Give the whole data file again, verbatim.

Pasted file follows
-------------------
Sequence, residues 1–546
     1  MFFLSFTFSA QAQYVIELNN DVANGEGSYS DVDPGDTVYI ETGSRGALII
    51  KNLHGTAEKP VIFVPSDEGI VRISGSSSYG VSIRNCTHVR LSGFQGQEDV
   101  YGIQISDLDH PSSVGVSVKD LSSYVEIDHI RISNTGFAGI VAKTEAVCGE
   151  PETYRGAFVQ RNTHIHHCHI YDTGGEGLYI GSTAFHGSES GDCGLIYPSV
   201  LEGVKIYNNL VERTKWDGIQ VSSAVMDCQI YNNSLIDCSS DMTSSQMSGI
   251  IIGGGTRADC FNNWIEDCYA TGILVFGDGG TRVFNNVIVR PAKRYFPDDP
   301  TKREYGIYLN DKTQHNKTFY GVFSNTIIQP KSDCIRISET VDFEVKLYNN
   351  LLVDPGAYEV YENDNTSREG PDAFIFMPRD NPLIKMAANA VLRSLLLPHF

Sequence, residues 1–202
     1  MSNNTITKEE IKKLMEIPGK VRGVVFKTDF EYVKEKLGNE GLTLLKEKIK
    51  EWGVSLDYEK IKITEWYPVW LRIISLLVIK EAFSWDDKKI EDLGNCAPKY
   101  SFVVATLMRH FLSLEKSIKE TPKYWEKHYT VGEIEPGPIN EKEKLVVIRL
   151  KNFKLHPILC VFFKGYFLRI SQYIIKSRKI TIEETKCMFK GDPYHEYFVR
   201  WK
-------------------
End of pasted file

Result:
Sequence, residues 1–546
     1  MFFLSFTFSA QAQYVIELNN DVANGEGSYS DVDPGDTVYI ETGSRGALII
    51  KNLHGTAEKP VIFVPSDEGI VRISGSSSYG VSIRNCTHVR LSGFQGQEDV
   101  YGIQISDLDH PSSVGVSVKD LSSYVEIDHI RISNTGFAGI VAKTEAVCGE
   151  PETYRGAFVQ RNTHIHHCHI YDTGGEGLYI GSTAFHGSES GDCGLIYPSV
   201  LEGVKIYNNL VERTKWDGIQ VSSAVMDCQI YNNSLIDCSS DMTSSQMSGI
   251  IIGGGTRADC FNNWIEDCYA TGILVFGDGG TRVFNNVIVR PAKRYFPDDP
   301  TKREYGIYLN DKTQHNKTFY GVFSNTIIQP KSDCIRISET VDFEVKLYNN
   351  LLVDPGAYEV YENDNTSREG PDAFIFMPRD NPLIKMAANA VLRSLLLPHF

Sequence, residues 1–202
     1  MSNNTITKEE IKKLMEIPGK VRGVVFKTDF EYVKEKLGNE GLTLLKEKIK
    51  EWGVSLDYEK IKITEWYPVW LRIISLLVIK EAFSWDDKKI EDLGNCAPKY
   101  SFVVATLMRH FLSLEKSIKE TPKYWEKHYT VGEIEPGPIN EKEKLVVIRL
   151  KNFKLHPILC VFFKGYFLRI SQYIIKSRKI TIEETKCMFK GDPYHEYFVR
   201  WK